Wheelchair services of Scotland have demanded a commitment for more funding if talks were to be continued with the government. A recent review of the NHS Wheelchair and Seating Service indicated that funding should be doubled to £30m a year. But the Scottish Executive has agreed a one-off payment of £1m only.
According to Lewis Macdonald, the Deputy Health Minister, the significance of short term funding should not be taken too lightly. Meanwhile BBC Scotland has come to understand that the service is not ready for any further talks unless extra funding has been promised.
Roseanne Urquhart, the chair of wheelchair users' umbrella group ReTSAG (Rehabilitation Technology Services Advisory Group) reiterated that ample funding is needed to improve the oldest fleet of wheelchairs in Western Europe. She called upon the Scottish Executive to work out the recommendations laid out by a review conducted last year along with NHS managers.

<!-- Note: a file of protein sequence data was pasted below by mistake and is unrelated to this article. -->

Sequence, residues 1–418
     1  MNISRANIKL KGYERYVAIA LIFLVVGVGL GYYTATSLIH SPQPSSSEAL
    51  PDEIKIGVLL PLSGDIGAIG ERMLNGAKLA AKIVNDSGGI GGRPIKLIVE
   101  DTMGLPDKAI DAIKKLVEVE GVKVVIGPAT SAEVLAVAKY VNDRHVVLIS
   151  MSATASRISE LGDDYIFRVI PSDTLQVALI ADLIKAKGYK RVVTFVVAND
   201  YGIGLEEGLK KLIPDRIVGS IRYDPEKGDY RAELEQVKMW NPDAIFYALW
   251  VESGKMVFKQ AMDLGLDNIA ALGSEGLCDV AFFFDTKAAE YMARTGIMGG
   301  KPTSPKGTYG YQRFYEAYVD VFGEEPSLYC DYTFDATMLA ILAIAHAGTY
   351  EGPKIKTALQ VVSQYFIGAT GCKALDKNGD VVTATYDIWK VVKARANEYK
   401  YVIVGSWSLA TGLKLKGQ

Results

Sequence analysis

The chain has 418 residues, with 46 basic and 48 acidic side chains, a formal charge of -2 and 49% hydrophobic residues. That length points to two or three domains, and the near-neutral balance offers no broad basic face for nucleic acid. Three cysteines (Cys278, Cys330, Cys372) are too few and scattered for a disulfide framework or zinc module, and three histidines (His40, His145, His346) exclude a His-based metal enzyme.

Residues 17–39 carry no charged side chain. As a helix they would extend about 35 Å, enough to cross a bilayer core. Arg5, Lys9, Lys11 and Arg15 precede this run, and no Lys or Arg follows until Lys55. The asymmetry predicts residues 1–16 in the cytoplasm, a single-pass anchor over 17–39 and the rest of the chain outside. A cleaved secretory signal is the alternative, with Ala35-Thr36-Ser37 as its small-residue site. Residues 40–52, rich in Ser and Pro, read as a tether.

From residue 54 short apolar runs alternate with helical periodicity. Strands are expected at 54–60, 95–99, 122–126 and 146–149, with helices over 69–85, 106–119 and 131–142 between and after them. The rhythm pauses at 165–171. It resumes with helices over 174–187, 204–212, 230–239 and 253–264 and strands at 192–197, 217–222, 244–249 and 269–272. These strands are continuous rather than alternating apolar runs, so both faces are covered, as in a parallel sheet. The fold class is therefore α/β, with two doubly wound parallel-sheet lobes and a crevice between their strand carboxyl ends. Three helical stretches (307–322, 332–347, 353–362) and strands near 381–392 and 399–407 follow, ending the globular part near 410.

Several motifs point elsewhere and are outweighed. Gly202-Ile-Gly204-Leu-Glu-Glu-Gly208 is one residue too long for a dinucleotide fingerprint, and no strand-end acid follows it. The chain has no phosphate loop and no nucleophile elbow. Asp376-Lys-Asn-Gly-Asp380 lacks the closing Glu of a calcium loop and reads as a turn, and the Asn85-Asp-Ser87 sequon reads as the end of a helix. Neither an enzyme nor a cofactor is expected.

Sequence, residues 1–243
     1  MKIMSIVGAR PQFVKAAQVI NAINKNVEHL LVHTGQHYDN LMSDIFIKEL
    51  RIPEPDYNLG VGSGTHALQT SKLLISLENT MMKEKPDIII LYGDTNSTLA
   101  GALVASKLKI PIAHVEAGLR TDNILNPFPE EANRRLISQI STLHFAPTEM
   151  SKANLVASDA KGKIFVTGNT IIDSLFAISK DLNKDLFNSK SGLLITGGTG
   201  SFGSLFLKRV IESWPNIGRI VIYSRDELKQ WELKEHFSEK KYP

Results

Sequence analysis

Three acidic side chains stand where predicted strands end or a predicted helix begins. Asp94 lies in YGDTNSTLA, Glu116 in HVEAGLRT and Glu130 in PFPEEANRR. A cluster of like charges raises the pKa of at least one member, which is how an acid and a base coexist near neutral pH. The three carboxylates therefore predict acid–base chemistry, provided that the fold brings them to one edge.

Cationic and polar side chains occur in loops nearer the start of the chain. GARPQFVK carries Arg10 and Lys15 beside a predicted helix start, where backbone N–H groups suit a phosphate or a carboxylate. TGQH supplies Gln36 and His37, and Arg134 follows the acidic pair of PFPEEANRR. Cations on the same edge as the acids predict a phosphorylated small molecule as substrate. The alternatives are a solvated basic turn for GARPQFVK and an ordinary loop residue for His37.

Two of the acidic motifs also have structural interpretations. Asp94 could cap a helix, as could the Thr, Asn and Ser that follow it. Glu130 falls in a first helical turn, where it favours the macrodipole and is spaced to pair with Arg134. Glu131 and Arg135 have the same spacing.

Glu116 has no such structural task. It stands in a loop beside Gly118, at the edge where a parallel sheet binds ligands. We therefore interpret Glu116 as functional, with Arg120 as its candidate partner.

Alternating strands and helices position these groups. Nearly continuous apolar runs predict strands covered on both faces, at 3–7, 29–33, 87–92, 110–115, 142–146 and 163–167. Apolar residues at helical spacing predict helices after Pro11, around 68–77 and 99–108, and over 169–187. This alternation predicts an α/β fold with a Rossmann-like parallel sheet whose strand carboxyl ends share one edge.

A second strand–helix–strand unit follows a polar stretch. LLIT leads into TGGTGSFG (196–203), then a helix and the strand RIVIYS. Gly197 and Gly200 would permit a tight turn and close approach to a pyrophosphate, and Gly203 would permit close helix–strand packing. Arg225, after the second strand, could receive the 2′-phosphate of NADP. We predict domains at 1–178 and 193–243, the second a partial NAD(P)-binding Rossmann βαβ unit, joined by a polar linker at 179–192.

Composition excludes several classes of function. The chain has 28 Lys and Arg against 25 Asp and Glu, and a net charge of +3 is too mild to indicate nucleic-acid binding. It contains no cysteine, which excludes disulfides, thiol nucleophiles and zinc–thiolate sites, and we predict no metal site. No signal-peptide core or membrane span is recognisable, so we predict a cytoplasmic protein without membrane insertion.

Managers suggest that the budget laid out by the executive will be adequate to give out the basic wheelchairs which are very heavy and unwieldy. "The basic wheelchair cost £120 and some of the powered ones cost more than £5,000", says Dr Geoff Bardsley, the head of Tayside's Seating & Wheelchair Service. Andy Menzies of wheelchair services based in Inverness feels that extra £1m announced by the health minister could only have a short term benefit.
But the health minister responded to the arguments laid out against the short term funding by saying that short term intervention also would makes a real difference.